Introduction: piecing the puzzle together
24 June 2007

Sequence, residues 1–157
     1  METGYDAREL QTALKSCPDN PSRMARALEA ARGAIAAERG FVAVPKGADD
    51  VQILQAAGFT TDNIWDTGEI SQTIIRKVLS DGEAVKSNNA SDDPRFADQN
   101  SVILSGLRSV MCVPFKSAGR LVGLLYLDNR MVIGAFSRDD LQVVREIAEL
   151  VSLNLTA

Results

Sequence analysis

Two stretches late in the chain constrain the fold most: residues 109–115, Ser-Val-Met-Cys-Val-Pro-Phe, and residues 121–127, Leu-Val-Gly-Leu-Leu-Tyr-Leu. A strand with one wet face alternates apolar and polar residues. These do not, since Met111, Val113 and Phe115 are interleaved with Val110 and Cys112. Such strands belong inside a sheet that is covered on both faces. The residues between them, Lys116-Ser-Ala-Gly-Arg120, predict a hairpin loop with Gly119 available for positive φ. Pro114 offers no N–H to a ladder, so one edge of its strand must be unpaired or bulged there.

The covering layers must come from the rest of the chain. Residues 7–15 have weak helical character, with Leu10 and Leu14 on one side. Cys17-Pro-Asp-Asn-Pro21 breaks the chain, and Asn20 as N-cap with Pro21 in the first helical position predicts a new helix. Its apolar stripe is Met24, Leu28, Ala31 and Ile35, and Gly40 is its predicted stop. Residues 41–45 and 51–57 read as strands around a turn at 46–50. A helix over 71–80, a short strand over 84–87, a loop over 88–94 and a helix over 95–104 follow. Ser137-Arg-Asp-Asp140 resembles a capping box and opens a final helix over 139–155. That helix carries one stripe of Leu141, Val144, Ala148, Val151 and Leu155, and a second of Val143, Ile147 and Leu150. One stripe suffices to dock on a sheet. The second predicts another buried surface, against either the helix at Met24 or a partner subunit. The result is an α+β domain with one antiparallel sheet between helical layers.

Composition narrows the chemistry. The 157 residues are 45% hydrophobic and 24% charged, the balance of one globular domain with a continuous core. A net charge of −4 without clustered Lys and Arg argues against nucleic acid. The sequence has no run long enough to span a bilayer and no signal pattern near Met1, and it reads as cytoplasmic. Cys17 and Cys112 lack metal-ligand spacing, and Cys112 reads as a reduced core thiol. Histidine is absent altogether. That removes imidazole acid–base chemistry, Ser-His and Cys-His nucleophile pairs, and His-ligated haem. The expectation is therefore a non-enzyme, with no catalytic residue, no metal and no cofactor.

The favourable global economic performance seen in recent years extended into the period under review. Global growth was strong and there were even welcome signs of better balanced demand. The US economy slowed somewhat, largely due to a weaker housing sector, while domestic demand in Europe, Japan and a number of emerging market economies picked up. Although output in many countries seemed to be close to potential, and commodity prices rose still further, overall inflation pressures remained muted. In this environment, there was a moderate tightening of monetary policies in many countries, although overall monetary and financial conditions remained highly accommodative. In part this was due to real policy rates remaining rather low, with associated effects on long-term interest rates. But it was also due to an increased willingness of lenders to advance credit to high-risk borrowers with less onerous conditionality than in the past. While the credit cycle has peaked in the subprime mortgage market in the United States, the expansion has continued in most other areas. As a result, global asset prices either continued to rise or were maintained at unusually high levels. Moreover, financing for the US current account deficit, as well as private capital outflows from the United States, continued to be available at terms that seemed to factor in expectations of only a very moderate further depreciation of the dollar.